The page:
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Policy Paradox: The Art of Political Decision Making (Third Edition) 3rd Edition
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Top Customer Reviews
She juxtaposes two models in this book. (1) The rationality project. This is where we use rational approaches to policy making, including economic analysis. The idea is to use neutral and objective data to make the best policy decision possible.The model for society and its functioning is the market, with its emphasis on self-interest and rational calculation. (2) On the other hand, she points out that this does not describe the political world. Here (see the chart on page 35), we see that community is important (not just self-interest), altruism has a role to play, cooperation and competition coexist, and so on. Politics is an arena where there is contestation over facts, values, even numbers. There is no objective, neutral evaluation of facts. The very nature of the economic, rational approach is contested.
The volume explores the debates between the political and rational models in such arenas as the goals for society, the nature of deciding on which problems should be addressed, and how solutions are addressed.
This is a thought-provoking work that will leave readers thinking about the nature of policy making and what is at stake.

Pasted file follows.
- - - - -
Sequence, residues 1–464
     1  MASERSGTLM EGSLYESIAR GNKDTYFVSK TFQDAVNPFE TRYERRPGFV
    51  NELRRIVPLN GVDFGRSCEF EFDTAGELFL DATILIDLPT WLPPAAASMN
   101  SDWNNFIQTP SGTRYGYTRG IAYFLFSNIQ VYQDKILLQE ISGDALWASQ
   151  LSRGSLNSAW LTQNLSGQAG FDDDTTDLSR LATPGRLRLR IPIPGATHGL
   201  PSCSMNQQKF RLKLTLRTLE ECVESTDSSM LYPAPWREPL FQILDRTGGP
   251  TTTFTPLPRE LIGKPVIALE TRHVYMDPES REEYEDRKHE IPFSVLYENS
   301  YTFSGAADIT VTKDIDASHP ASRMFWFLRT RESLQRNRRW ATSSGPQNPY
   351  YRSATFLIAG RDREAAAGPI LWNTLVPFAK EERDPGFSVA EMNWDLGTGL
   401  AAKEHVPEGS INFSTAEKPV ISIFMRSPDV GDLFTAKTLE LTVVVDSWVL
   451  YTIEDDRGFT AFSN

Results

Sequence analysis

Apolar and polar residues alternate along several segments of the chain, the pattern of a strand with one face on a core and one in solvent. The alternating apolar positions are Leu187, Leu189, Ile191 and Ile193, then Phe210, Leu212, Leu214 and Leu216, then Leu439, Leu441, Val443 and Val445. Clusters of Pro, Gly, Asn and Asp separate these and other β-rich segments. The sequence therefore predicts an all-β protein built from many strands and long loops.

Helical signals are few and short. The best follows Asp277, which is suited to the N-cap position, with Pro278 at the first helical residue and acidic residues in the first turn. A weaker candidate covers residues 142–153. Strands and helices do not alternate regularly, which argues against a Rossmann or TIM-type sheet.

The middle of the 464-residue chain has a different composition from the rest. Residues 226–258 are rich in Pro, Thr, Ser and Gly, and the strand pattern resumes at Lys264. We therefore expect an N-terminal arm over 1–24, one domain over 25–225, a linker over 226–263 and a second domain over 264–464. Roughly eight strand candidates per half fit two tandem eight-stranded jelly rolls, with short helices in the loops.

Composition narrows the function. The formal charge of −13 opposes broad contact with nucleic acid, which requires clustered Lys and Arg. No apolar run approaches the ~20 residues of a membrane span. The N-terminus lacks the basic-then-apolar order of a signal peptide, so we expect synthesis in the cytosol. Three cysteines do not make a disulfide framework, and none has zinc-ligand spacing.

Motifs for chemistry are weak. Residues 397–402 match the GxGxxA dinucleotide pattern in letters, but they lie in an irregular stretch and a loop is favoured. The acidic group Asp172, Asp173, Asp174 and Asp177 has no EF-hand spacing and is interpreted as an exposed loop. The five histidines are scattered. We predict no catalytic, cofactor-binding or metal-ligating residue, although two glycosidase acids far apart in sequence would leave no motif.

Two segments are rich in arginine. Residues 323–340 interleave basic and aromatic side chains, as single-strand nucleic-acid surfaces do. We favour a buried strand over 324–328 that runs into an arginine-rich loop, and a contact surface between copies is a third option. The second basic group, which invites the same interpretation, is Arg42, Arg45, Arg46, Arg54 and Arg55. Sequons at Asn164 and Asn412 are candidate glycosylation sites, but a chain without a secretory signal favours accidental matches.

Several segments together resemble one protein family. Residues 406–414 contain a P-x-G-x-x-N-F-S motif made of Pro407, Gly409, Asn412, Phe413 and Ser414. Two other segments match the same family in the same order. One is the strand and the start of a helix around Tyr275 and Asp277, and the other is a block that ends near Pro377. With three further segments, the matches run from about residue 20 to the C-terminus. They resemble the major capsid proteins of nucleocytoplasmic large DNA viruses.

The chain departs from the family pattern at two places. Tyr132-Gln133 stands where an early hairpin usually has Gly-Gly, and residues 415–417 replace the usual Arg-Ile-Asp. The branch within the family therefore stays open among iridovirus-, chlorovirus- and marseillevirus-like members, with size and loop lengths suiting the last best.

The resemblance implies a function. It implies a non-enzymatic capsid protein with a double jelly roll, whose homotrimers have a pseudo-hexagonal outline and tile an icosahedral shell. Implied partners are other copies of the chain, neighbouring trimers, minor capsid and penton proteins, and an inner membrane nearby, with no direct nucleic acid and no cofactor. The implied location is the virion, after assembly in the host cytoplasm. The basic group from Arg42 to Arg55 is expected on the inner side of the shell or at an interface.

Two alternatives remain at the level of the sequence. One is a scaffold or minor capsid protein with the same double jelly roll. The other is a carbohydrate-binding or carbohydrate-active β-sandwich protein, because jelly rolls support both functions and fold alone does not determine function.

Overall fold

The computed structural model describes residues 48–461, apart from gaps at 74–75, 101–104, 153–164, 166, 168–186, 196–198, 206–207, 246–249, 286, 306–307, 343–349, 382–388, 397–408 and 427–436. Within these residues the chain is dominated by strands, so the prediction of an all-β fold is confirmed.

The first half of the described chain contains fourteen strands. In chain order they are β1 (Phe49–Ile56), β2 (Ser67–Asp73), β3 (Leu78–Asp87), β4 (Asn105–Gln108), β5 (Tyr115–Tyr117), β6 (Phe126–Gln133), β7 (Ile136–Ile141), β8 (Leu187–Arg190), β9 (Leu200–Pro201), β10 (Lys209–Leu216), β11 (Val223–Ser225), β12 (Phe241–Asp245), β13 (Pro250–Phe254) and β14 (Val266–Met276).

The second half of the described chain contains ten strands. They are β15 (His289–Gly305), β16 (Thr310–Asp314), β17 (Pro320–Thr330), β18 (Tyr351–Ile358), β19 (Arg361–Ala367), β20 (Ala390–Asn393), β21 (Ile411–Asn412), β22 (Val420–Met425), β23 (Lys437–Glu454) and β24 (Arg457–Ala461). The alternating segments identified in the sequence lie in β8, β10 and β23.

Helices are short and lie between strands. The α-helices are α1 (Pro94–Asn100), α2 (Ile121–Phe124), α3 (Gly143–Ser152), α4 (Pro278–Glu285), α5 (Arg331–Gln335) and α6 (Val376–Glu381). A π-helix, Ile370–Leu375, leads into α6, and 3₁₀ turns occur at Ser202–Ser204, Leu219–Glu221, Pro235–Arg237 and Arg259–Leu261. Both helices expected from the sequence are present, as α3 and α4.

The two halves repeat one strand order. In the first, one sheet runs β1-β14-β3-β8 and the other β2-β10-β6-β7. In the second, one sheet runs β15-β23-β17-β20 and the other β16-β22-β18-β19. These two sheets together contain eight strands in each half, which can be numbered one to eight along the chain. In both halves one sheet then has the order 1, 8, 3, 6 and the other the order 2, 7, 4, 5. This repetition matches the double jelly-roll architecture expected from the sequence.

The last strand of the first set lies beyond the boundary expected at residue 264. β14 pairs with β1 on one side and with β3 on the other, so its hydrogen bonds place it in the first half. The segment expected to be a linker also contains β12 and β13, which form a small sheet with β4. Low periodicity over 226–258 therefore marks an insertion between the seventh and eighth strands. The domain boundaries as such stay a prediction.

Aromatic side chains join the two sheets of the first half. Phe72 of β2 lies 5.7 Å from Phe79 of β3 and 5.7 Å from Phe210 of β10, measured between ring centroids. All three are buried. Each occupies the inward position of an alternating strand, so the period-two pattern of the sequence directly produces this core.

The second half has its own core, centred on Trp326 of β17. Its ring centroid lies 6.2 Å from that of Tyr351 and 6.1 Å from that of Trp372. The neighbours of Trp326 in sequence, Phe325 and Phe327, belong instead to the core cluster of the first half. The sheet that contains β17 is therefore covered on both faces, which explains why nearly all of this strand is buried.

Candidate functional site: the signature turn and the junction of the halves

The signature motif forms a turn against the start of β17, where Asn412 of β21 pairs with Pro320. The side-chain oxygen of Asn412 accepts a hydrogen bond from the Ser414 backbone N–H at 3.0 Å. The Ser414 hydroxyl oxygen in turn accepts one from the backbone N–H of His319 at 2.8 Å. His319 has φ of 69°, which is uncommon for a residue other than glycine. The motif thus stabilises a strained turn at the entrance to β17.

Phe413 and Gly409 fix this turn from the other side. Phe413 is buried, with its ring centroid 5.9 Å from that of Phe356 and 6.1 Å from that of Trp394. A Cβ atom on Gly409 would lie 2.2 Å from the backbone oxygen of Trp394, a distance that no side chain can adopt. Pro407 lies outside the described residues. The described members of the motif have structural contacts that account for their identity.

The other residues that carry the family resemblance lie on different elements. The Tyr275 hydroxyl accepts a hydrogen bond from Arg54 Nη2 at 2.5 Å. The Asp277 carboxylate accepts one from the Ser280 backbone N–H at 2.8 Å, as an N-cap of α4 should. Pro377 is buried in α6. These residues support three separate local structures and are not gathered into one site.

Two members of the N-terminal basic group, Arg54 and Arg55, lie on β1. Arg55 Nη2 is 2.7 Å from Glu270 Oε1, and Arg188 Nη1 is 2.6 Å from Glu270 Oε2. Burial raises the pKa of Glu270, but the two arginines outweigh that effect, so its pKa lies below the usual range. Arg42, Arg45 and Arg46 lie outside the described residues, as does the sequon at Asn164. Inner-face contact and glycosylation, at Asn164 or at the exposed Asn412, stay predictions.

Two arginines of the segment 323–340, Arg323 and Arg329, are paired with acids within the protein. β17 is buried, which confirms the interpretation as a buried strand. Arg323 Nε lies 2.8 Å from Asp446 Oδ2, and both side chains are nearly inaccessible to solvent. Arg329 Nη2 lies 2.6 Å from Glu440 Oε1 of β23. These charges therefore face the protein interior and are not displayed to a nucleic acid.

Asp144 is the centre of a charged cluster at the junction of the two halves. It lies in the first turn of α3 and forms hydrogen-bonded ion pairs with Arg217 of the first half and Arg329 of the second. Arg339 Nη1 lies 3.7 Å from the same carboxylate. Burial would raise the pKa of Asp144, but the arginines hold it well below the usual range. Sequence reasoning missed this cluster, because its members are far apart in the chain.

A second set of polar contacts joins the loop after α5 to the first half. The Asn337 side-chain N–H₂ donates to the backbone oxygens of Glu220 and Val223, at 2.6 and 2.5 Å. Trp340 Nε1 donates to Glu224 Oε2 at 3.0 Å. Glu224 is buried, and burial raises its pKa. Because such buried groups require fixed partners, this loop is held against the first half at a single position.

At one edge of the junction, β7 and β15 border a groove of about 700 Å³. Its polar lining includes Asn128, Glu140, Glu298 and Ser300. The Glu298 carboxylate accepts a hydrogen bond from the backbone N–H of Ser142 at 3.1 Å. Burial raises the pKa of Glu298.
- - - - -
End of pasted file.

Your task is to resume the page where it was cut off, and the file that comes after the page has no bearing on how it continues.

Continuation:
My one large critique of Stone is her extremely apparent liberal bias. While the ideas she presents are not inherently liberal or conservative (though one could certainly make the argument that the 'market model' she argues against is a conservative one and the 'polis model' she champions is a liberal one), the examples she draws to illustrate them are biased towards a liberal perspective. Whenever she presents something 'bad' done in a policy situation, it is almost always a Republican or conservative doing it, while liberal ideas and actions are almost always presented as the 'right thing' to do or a compassionate application of policy. Even as a liberal myself, it got a bit grating towards the end of the book. At times in certain chapters it seemed like Stone was soapboxing about an issue, even if that issue was only tangentially relevant to the topic at hand.
If you can get past the bias, and perhaps only skim the examples she uses, there is still a lot to get out of this book.
Most Recent Customer Reviews
I loved this book and have used it many times to cite references in college papers. I highly recommend buying from this seller.Published 1 month ago by CCasale
Great book but long - its over 300 pages and i felt some things were dragged unneccesarily. but overall, a good public policy bookPublished 4 months ago by Eve
Deborah Stone makes complicated policy issues easy to understand. Used this book for a public policy course as part of my undergrad, and actually found myself looking forward to... Read morePublished 7 months ago by Milhouse
Stone's framework of understanding public policy is easy to read and understand. Her endless pro-Progressive agenda examples are tiresome and often, seemingly, poorly place MSNBC... Read morePublished 11 months ago by rickg
The book arrived very quickly and I was very pleased, however, the book is cut/torn on the spine and the bottom is frayed. Read morePublished 12 months ago by dya